X: Do you think much of the relationship between sexuality and the machine?

ACKER: No, it’s not a machine to me, it’s more like a living mind. I am not interested in the machine parts. I think the same way about the motorcycle—I think of it as being alive. I have two bikes: I got a Virago 1100 and a 750.

X: I know you very much like the work of VNS Matrix. They have been known to say that “the clitoris is a direct line to the matrix,” following on from what you have just said. I dunno if you’d agree with that statement.

ACKER: VNS are so cool. I connected with them a while ago. I am so impressed by their work, but I wouldn’t agree with that statement, no. I never thought of the connection between the machine and me as being clitoral. Right now what does it feel like?… It doesn’t feel clitoral; the clitoris to me is this kind of direct little burning sensation between my legs—this is just me, but it’s kinda deeper and more general than direct. Everybody’s body is different. The Net can be like an orgasm, but at the moment I guess I’d still say it was like flying, and having lots of fun. But I distrust it too … Sometimes I feel like it’s a mind, eating me. I have lots of theories about the ravenous nature of my machine, especially when I got it and it kept wanting more and more RAM and other bits and pieces … Hmmm, I have to be careful it doesn’t devour me. I imagine the computer getting fatter and fatter and not allowing me to dream ever again and sucking out my thoughts.

X: Could your machine replace a lover?

ACKER: No way! Net sex might be okay, but I doubt even that could replace my motorcycle or a lover. You really should get a big bike.

X: Hmmm, yeah. Is there a rise in poetry in America at the moment?

ACKER: I’d say there was a lull. Spoken word may be on the rise, but I don’t know if that’s the same thing as what people used to refer to as poetry. There was a big spoken-word phenomenon last year. I think that some of my work will be reproduced spoken word anyway, on say CD-ROM. I got two records coming out with other people. One of those might come out on CD-ROM. I speak text, and a band, Tribe 8, play, and a guy called Ralph Carney, who used to play with Tom Waits and his band, and myself kind of all jam together.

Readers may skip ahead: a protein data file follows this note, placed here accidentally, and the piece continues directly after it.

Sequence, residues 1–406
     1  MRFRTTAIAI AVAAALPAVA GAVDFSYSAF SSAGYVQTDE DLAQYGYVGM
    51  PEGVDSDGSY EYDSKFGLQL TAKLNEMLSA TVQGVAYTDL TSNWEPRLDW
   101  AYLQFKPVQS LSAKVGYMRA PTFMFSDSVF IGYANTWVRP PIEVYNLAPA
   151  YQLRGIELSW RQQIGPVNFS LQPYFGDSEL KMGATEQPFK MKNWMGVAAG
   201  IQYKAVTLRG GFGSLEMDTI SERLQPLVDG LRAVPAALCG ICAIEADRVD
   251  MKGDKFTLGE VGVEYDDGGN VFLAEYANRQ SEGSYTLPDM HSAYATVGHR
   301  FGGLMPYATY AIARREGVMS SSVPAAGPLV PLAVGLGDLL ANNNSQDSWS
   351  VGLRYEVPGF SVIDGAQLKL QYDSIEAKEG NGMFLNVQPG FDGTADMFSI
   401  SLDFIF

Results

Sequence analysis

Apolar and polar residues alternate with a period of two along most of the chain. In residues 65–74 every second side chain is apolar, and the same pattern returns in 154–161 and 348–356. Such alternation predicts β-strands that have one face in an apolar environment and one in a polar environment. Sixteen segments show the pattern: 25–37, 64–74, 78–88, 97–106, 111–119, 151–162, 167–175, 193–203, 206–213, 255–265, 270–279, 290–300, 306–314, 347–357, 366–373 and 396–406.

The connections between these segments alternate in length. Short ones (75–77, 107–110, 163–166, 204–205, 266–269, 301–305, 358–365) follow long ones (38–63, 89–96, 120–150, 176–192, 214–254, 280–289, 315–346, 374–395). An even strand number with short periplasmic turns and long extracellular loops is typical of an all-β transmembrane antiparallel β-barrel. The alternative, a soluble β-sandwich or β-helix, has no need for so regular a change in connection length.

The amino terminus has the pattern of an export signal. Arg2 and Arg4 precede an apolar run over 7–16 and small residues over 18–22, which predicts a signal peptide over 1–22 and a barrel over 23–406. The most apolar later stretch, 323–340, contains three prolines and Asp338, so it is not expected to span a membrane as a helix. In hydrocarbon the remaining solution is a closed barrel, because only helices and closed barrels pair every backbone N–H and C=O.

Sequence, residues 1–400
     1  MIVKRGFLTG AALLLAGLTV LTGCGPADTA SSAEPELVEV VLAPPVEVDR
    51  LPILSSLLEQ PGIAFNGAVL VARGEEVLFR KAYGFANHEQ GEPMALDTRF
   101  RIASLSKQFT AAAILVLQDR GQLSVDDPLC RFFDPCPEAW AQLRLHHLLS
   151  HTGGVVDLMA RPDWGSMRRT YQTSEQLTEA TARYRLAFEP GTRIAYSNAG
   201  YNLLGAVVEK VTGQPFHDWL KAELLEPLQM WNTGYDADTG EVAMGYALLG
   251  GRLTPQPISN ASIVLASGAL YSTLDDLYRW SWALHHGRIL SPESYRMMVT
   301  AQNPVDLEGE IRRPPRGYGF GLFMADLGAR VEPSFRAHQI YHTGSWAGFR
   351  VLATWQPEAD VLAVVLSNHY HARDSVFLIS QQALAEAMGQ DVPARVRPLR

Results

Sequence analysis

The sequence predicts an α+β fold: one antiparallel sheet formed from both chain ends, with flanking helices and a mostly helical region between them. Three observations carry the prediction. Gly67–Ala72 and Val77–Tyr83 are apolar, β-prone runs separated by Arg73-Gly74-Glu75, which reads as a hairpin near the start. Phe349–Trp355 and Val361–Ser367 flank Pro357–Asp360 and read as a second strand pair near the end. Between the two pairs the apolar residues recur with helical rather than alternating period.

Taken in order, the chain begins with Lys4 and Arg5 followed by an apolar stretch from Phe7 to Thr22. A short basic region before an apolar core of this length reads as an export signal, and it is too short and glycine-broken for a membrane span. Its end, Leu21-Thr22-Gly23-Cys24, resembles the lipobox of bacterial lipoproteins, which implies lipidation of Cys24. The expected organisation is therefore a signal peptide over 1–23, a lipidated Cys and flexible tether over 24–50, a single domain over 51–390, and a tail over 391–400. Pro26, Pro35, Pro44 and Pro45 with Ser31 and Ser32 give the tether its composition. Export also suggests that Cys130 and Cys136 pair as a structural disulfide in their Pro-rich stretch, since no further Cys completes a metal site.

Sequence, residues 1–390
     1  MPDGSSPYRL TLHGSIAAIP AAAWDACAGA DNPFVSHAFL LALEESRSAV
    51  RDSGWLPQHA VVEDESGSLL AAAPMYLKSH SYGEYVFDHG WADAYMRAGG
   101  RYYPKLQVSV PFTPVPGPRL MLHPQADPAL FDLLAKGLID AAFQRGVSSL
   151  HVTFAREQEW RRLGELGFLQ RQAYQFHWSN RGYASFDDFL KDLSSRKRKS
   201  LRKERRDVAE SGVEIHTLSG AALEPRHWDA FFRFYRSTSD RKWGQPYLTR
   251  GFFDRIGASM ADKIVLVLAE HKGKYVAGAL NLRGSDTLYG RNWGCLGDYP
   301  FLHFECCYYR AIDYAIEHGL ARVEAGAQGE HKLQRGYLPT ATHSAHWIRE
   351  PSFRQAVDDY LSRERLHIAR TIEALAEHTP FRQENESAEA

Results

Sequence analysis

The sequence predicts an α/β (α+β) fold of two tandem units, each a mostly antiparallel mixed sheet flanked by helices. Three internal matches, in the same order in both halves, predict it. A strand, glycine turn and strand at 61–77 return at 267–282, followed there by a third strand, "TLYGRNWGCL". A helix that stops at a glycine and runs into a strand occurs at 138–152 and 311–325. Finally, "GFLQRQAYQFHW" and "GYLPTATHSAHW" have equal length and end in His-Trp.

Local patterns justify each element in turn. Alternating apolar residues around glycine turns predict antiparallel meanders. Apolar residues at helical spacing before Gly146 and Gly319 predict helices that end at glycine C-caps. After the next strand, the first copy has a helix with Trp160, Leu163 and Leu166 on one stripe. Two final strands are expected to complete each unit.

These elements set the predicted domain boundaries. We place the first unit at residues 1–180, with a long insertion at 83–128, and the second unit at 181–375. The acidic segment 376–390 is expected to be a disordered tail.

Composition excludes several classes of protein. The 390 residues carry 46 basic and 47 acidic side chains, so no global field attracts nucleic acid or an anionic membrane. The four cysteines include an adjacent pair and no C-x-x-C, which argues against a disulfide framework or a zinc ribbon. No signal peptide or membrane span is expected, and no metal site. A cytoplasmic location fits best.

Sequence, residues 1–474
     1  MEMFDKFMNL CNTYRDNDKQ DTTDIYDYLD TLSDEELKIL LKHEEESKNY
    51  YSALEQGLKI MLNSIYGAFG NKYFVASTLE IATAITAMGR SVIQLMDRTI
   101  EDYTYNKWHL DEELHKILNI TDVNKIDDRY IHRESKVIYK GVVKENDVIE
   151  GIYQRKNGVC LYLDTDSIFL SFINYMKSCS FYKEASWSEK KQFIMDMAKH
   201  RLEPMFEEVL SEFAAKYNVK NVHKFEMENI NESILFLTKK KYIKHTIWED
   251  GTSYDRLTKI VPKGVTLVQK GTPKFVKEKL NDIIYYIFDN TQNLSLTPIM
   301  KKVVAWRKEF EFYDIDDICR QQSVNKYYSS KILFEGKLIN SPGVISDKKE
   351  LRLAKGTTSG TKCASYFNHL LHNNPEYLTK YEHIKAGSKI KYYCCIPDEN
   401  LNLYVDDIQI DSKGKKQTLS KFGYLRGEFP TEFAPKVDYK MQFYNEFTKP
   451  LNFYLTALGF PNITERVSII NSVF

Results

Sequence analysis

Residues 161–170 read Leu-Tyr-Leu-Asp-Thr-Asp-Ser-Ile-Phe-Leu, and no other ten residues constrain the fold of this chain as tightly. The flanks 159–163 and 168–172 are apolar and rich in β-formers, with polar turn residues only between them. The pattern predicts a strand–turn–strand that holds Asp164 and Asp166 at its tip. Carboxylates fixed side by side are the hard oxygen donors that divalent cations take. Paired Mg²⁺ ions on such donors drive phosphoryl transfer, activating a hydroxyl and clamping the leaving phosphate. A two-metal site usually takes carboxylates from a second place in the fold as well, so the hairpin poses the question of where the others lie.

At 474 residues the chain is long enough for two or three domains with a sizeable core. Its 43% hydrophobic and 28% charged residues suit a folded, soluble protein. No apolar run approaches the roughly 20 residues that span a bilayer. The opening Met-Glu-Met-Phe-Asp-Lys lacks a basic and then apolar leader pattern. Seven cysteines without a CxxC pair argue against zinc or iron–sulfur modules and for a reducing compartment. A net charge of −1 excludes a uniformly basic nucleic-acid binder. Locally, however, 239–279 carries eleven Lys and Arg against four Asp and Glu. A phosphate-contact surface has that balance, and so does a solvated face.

X: Do you go to clubs?

ACKER: Nah, I go to a favorite café. If I go anywhere, it might be Red Dora’s or something … I don’t generally hang out. I have so much work, I can’t see straight. It’s getting a bit ridiculous actually. One more reason why I like the computer is that I can turn it on say at 1:00 or 2:00 in the morning and communicate with people, it’s better than waking your friends up at that time.

X: Can you work too hard—does it stifle the creativity of your work?

ACKER: Workin’ seven days a week, twelve hours a day is too much. I am gonna get a long break in a few months. Maybe after my book about pirate girls, I will take a well-deserved sea voyage or something. This book will be really good. You know I am hoping to come over to Australia soon … there is a group of people up in Brisbane working on it. I don’t know if they got the money together yet, it was gonna be this summer.

X: You must be making a lot of money.

ACKER: Fuck I am not! Why do you think I am working so hard!



Kathy Acker: The Last Interview comes out 3/12. Preorder here and see more from the The Last Interview series here.